The site's online security team, led by white hat hacker Ata Hakcil, discovered the unsecured server online and traced it back to Bing's mobile app.
To confirm the team's findings, Hakcil downloaded the app and ran a search for “Wizcase”. He then looked through the data stored on the unsecured server to find that his information, including search queries, device details and GPS coordinates, was there, proving that the exposed data was coming directly from Bing's mobile app.
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The exposed data on the server includes search terms in clear text, the exact time searchers were executed, location coordinates, Firebase Notification Tokens, coupon data, a partial list of the URLs users visited from the search results, device model, operating system and three separate unique ID numbers (ADID, deviceID and devicehash) assigned to each user found in the data.
Hakcil and his team began their investigation after discovering a 6.5TB server that was growing by as much as 200GB per day. Based on the amount of data added to the server each day, WizCase believes it's safe to speculate that anyone who used Bing's mobile app to conduct a search while the server was exposed is at risk as the team saw records of user searches from more than 70 countries.
According to the company's scanner, the server was password protected until the first week of September and was exposed online without a password for two full days. WizCase then reached out to Microsoft and reported the data leak to the Microsoft Security Response Center (MSRC) and the server was secured a few days later.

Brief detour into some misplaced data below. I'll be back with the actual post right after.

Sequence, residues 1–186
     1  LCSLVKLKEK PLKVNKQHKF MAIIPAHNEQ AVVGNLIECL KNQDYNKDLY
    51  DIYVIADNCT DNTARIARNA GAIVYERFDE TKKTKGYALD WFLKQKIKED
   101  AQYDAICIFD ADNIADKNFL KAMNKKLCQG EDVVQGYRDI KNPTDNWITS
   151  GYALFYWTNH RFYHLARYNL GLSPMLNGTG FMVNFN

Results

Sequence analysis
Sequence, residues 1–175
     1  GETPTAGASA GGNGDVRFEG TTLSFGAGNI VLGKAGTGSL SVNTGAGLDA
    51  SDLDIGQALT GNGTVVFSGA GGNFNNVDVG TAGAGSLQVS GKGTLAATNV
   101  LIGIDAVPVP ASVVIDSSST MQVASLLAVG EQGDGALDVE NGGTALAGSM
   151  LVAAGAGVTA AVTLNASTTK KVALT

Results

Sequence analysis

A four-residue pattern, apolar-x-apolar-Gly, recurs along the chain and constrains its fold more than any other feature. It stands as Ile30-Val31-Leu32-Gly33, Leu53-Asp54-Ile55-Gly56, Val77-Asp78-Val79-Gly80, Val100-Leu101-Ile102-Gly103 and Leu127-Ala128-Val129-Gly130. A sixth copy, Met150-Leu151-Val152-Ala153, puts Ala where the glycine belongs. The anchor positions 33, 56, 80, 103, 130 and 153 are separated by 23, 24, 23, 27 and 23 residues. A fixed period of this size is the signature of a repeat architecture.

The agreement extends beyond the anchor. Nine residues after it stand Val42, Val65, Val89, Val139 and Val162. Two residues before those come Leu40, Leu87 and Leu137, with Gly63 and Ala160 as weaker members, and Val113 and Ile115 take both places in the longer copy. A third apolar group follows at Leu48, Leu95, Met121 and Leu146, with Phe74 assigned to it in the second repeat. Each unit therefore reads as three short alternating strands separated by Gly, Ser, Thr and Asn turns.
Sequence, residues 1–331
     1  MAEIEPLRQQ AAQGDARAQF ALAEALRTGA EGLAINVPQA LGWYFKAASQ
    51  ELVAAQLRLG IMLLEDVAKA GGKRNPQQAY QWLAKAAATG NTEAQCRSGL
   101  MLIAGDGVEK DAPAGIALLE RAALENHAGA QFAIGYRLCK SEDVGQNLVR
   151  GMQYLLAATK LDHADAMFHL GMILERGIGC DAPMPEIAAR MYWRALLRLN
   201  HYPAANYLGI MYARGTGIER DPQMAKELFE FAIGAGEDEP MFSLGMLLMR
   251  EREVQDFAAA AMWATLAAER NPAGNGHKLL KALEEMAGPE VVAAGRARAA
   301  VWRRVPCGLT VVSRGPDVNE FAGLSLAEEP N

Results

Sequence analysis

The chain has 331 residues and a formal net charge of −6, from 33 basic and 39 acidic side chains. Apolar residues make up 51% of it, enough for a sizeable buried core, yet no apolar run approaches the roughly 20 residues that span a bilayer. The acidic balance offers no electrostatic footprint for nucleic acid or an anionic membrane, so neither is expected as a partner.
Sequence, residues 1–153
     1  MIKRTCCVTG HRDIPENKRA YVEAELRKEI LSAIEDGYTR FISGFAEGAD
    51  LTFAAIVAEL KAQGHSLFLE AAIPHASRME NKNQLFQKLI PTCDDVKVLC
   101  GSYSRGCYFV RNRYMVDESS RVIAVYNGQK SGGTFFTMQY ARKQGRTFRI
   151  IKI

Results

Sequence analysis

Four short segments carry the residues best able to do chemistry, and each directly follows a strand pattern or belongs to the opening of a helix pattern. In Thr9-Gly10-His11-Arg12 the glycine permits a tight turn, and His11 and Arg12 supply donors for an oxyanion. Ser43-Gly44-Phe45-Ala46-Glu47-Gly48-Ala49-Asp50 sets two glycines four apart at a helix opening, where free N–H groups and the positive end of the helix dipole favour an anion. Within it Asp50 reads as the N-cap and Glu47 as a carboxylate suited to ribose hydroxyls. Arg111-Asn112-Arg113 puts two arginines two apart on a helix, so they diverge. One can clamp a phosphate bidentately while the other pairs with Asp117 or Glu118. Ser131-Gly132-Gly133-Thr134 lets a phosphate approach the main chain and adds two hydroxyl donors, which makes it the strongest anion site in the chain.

Based on its observations, the team believes that the server was targeted by a Meow attack that deleted nearly the entire database. A second Meow attack was then observed a few days later.
In addition to these attacks, the data was exposed to cybercriminals while the server was exposed online which could put Bing mobile users at risk from a number of threats including blackmail, phishing and even physical attacks as their physical locations could be determined based on the GPS coordinates of their mobile devices.
In a blog post (opens in new tab) about the exposed server, web security expert at WizChase Chase Williams explained how the team's discovery highlighted the ways in which search engines are being used for nefarious activities online, saying:
“As ethical hackers, we don’t have the resources to identify these people and turn them over to the authorities. Yet, this discovery revealed how many predators and dangerous people are using search engines to find their next victims and what websites they are visiting.”
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Via WizChase (opens in new tab)